The opinion of the court was delivered by: Rufe,j.
MEMORANDUM OPINION AND ORDER
This matter comes before the Court upon Defendant Mastery Charter School's Motion for Stay of Order Pending Appeal of this Court's December 29, 2010 Memorandum Opinion and Order to the Third Circuit.*fn1
The facts of this case were discussed in detail in this Court's December 29, 2010 Opinion and need not be repeated here.
On December 29, 2010, this Court issued an Opinion and Order granting R.B.'s Motion for an IDEA Stay-Put Injunction, based on its finding that Mastery Charter School, Pickett Campus ("Mastery"), changed R.B.'s educational placement by unilaterally disenrolling her on June 19, 2009.*fn2 For the reasons set forth in that opinion, this Court ordered the immediate reinstatement of R.B. at Mastery.*fn3 On December 30, 2010, Mastery appealed that judgment to the Third Circuit,*fn4 and now seeks a stay of the judgment order pending the Third Circuit's disposition of its appeal.*fn5
After careful consideration of the Defendant's Motion, Plaintiff's Opposition thereto, and for the reasons set forth below, Defendant's motion is denied.
Federal Rule of Civil Procedure 62(c) provides that "[w]hile an appeal is pending from an interlocutory order or final judgment that grants, dissolves, or denies an injunction, the court may suspend, modify, restore, or grant an injunction on . . . terms that secure the opposing party's rights." This type of injunctive relief is considered an "extraordinary remedy" which courts should only grant in "limited circumstances."*fn6 It is well settled that a party seeking the stay must show: (1) it will likely prevail on the merits of the appeal, (2) it will suffer irreparable injury if the stay is denied, (3) other parties will not be substantially harmed by the stay, and (4) the public interest will be served by granting the stay.*fn7 Although at least one court has held that this analysis is not required if the stay-put provision applies,*fn8 in the interest of conducting a comprehensive review, the Court will consider each factor in turn.
1. LIKELIHOOD OF SUCCESS ON THE MERITS OF THE APPEAL
Here, Defendants contend that they have a strong likelihood of success
on the merits by reiterating legal arguments this Court has already
considered-and rejected-in its December 29, 2010 opinion. Namely,
Mastery argues that it did not unilaterally change R.B.'s educational
placement because its actions complied with state law, and a change in
school is not a per se change in educational placement. These are the
issues are at the heart of this Court's ruling, which rejected
Mastery's arguments as unpersuasive. Although Mastery has enunciated a
legitimate appellate issue, and may ultimately prevail, a "colorable
issue . . . is not what is required for a stay pending
appeal."*fn9 Instead, the party arguing for a stay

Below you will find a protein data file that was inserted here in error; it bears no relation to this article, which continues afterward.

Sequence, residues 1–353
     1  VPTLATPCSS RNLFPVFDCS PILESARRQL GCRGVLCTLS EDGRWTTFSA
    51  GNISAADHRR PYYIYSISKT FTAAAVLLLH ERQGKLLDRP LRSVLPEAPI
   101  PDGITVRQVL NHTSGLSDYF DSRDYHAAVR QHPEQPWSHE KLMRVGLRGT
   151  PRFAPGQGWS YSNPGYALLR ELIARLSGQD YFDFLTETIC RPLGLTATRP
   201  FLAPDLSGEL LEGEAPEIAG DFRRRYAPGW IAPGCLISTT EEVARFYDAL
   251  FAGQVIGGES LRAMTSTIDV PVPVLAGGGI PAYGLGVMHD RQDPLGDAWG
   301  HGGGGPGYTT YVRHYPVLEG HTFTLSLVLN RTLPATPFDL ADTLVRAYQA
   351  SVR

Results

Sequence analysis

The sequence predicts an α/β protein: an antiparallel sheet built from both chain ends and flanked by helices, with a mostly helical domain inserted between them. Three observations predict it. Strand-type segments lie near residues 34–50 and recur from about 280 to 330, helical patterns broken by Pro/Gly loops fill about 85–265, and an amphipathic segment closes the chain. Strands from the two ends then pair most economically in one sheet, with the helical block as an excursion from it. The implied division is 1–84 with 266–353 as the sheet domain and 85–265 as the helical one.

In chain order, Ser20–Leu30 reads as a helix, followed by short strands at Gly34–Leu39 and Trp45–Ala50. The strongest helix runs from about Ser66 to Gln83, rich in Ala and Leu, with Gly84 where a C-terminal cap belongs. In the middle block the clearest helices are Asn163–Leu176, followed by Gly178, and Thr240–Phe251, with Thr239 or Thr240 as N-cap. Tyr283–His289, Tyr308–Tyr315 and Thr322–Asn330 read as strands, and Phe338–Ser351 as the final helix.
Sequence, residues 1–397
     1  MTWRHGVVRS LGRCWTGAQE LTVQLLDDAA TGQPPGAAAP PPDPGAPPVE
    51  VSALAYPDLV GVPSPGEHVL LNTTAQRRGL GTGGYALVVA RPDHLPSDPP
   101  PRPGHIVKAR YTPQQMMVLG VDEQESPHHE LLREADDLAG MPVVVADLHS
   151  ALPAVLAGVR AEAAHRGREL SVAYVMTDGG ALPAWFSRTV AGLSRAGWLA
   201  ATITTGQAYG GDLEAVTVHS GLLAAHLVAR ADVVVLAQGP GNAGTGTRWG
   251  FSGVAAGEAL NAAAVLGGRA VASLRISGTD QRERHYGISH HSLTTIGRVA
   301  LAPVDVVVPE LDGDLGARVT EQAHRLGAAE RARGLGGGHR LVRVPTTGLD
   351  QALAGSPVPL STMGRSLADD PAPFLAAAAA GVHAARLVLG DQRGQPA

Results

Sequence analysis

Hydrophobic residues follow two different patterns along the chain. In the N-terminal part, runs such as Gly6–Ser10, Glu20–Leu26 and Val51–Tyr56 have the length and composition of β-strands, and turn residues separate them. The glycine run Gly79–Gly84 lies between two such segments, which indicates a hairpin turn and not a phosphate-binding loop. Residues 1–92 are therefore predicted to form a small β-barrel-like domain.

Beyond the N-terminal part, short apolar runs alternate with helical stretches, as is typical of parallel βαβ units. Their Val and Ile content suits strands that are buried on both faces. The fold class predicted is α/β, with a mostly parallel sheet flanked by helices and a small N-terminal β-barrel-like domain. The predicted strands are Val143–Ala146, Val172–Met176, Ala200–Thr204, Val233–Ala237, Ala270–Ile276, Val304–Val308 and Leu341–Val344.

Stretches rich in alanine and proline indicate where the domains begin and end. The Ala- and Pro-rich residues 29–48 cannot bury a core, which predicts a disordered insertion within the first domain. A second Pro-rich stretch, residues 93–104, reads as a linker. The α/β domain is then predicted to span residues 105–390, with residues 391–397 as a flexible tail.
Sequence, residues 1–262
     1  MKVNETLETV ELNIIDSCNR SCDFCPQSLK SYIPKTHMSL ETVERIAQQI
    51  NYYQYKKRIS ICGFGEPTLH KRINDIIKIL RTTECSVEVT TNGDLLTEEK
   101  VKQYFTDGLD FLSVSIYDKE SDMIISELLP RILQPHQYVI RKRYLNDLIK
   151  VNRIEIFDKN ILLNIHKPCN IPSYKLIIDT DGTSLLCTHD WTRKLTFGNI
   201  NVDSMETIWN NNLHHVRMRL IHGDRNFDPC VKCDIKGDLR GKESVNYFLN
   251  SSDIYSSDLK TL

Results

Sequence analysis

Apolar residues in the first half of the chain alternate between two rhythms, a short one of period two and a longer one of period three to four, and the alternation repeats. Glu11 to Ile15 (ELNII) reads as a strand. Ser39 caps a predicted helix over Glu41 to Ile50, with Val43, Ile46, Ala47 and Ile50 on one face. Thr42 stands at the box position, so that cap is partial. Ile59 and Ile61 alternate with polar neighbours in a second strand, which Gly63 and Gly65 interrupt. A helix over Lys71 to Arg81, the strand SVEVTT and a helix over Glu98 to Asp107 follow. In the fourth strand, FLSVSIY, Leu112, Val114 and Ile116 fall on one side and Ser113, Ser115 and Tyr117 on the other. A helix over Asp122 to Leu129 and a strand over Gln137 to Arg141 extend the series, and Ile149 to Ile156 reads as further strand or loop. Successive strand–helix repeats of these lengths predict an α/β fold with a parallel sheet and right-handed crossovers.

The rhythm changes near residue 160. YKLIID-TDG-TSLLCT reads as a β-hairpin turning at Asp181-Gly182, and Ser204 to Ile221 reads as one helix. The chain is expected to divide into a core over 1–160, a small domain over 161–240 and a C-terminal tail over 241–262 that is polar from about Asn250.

must demonstrate a "substantial likelihood of success."*fn10
Mastery's memorandum in support of its motion points this
court to no intervening case law-or to any case law, for that matter,
that alters this Court's view of the legal questions in this
2. IRREPARABLE INJURY TO MASTERY
Mastery argues that it will be irreparably injured if this stay is denied because "significant harm is imposed by requiring Mastery Charter School to hold open spaces for a student being withheld because of IEP disputes," and because re-enrolling R.B. will force Mastery to violate the age range restrictions set forth under Pennsylvania law pursuant to 22 Pa. Code § 14.146. Neither argument is persuasive. As to the former, Mastery does not explain why or how "hold[ing] open spaces for students being withheld because of IEP disputes" will cause irreparable harm. It neither explains the number of students currently being withheld because of such disputes, nor does it offer any evidence of any type of financial or programmatic harm.
The latter argument is similarly deficient. Under both federal and state law, Mastery is required to deliver a free and appropriate public education ("FAPE") to its special education students until graduation or age twenty-one. A charter school's responsibility to children with disabilities is codified in 24 Pa. Code §§ 711, et seq. Section 711.3 mandates that "[c]harter schools . . . assume the duty to ensure that a FAPE is available to a child with a disability in compliance with IDEA and its implementing regulations," and incorporates by reference 34 CFR §300.101, which requires a FAPE be "available to all children . . . between the age of 3 and 21, inclusive, including children with disabilities who have been suspended or expelled from school," and 34 C.F.R. § 300.102, which excuses a state's obligation to provide FAPE to students aged eighteen to twenty-one to the extent that "its application to those children would be inconsistent with State law or practice," unless a student between those ages has previously been identified as a child with a disability.*fn12 Since R.B. has already been identified as a student with a disability, Mastery's claim that "R.B.'s forced entry into the school would require the school to violate the age-range restrictions set forth in the School Code" falls short of consideration. Mastery appears to realize the weakness in its argument, as it omitted relevant and critical exceptions to the Pennsylvania statute it relies on.*fn13 ...